http://assets-s3.rollingstone.com/assets/images/album_review/dc2fdac7f099e4fb437afadc689644af61ea6f97.jpg Perfect Night: Live In London

Lou Reed

Perfect Night: Live In London

Rolling Stone: star rating
Community: star rating
5 3 0
April 16, 1998

Call Lou Reed's new live album anything but Rock n Roll Animal II. That classic 1974 concert recording captured the debauched essence of Lou Reed in all his fucked-up rock-star glory. A better title for the markedly more refined Perfect Night: Live in London might be PBS Animal, or perhaps even Rock n Roll Adult, particularly since this mature sonic blast of a record has been released as a companion piece to Rock and Roll Heart, a PBS documentary about Reed. By any name, however, it's a serious pleasure to hear Reed all grown up and sorta happy at last.

Recorded live during last summer's Meltdown Festival at London's Royal Festival Hall — an event organized by noted performance artist (and Reed's main squeeze) Laurie Anderson — Perfect Night isn't exactly unplugged; rather, it's an amplified acoustic affair with moments of real musical electricity. As anyone who's read Reed interviews in recent years knows, the one-time Velvet Underground leader has turned into a total techie and aural obsessive, and with the crystal-clear sound of Perfect Night, such concern pays off.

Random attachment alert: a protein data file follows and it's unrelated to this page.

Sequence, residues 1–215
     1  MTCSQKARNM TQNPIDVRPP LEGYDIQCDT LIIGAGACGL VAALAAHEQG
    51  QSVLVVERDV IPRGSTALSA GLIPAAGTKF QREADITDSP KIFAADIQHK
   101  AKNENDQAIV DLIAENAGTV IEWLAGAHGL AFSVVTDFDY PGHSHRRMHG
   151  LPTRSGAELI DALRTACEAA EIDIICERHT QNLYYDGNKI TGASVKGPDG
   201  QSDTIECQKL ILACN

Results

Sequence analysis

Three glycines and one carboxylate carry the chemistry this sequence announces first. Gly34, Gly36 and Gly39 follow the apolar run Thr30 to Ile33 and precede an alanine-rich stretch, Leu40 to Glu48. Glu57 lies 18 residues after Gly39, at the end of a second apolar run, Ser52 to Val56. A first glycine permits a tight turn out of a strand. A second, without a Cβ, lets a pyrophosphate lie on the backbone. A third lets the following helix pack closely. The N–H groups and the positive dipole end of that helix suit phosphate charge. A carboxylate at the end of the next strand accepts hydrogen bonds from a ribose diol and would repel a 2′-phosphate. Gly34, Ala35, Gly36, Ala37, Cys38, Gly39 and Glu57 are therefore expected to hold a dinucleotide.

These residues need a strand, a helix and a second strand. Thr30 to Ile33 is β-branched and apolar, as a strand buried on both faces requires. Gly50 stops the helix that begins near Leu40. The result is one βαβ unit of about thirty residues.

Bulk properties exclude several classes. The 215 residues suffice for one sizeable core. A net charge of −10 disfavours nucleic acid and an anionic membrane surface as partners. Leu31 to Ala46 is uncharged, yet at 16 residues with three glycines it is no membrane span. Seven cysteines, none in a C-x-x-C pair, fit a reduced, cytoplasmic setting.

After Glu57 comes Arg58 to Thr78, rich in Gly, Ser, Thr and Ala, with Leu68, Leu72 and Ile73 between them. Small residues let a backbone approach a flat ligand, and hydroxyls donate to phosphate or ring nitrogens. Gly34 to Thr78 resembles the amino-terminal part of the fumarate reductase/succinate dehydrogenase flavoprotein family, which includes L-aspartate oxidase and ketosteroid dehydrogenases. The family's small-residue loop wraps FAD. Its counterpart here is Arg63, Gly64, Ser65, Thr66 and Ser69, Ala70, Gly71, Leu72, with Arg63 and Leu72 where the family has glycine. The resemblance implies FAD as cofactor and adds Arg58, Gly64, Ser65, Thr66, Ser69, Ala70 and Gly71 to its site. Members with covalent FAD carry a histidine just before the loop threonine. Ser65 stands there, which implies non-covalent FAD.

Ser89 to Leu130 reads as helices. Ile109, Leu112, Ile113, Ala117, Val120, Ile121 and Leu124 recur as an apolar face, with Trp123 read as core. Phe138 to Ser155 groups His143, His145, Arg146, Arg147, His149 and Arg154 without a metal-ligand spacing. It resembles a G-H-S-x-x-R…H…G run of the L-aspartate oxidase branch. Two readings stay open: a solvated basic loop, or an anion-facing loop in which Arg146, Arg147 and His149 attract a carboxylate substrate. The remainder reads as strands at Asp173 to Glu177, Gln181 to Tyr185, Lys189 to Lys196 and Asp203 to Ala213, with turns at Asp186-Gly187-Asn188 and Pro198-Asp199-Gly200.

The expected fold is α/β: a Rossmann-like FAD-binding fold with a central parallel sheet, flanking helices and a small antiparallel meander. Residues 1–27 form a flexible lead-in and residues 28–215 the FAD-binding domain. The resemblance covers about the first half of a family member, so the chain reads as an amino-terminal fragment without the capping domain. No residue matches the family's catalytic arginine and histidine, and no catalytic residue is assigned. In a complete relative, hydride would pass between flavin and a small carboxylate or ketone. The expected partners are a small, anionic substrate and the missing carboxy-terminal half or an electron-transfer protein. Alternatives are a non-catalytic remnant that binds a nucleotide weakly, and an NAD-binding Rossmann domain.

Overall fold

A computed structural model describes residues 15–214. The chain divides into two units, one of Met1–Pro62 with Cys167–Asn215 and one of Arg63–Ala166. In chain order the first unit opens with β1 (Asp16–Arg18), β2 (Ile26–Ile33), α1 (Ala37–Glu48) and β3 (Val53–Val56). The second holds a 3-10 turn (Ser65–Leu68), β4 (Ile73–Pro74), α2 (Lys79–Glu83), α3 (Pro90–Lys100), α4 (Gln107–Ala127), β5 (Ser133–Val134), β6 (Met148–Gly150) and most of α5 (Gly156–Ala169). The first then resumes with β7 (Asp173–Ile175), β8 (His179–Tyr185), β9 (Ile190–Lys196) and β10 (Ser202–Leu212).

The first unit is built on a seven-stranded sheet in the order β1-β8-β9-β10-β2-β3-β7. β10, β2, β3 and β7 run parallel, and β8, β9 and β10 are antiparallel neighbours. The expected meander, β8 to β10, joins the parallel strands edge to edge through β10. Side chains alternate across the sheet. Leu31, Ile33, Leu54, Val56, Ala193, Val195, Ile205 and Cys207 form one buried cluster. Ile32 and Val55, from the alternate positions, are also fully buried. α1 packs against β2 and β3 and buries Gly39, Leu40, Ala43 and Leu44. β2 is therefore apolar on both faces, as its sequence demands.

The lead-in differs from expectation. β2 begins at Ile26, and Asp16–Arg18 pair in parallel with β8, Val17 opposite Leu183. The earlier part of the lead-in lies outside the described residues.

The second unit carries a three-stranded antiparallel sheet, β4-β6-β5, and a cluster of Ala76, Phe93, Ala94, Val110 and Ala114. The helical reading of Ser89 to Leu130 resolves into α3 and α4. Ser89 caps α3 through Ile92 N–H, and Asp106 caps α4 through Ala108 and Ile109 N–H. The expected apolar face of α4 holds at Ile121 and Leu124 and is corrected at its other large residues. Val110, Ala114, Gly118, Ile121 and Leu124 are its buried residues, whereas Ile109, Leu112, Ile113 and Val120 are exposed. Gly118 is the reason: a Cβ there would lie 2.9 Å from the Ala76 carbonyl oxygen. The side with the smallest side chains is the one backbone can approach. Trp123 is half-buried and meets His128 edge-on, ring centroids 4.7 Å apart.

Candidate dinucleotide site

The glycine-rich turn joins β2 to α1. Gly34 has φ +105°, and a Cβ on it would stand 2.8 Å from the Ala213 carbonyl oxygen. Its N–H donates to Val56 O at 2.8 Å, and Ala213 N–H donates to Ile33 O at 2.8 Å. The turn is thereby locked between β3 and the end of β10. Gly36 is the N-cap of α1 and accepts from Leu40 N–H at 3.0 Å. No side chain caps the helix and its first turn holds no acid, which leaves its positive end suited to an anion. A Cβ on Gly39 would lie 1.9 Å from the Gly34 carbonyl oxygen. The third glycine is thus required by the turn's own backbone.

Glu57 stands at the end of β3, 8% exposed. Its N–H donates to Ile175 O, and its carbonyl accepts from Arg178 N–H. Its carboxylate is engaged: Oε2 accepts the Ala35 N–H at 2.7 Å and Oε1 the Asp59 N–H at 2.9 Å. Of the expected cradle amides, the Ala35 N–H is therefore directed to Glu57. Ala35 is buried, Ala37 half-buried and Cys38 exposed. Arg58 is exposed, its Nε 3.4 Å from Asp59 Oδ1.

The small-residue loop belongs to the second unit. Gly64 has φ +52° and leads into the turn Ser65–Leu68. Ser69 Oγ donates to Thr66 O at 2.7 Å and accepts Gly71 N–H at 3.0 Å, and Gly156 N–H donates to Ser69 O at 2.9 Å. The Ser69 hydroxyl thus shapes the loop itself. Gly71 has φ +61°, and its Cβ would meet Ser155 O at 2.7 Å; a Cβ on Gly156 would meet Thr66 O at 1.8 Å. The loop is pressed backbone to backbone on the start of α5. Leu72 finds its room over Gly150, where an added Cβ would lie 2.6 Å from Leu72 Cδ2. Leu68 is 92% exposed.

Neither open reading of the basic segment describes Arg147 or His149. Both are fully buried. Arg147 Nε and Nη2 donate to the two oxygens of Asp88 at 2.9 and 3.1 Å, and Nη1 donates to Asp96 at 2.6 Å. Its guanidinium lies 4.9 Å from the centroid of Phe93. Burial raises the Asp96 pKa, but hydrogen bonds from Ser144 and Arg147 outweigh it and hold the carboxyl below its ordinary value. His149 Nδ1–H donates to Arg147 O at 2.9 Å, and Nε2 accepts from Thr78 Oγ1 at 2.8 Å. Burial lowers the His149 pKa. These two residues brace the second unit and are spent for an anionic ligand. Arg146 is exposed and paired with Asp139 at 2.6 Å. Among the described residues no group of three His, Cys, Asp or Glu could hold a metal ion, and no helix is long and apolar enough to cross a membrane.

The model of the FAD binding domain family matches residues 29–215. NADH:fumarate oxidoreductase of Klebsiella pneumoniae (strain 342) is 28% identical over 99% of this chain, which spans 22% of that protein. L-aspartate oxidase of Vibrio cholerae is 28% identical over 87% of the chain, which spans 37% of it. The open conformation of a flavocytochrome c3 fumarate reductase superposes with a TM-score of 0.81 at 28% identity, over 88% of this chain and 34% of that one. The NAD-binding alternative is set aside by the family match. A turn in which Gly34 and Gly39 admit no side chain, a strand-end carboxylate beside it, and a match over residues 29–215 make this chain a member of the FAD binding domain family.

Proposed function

Ultimately, though, what makes Perfect Night a night to remember are Reed's delicate but vital performances from a set list that ranges from the Velvet's "I'll Be Your Mirror" to tracks from 1996's Set the Twilight Reeling. Reed doesn't trot out the greatest near-hits again, but instead goes deep into his songbook for material ripe for a little stripped-down rediscovery, breathing new life into Berlin's "The Kids," Transformer's "Vicious" and New York's "Busload of Faith," among others. Not everything is perfect — you'd be hard pressed to find a song in his oeuvre less worthy than "Sex With Your Parents (Motherfucker)," an alreadymoldy, political novelty number. Still, take this walk on Reed's relatively mild side and you'll discover that the guy's still pretty wild in his own decidedly nonanimalistic way.

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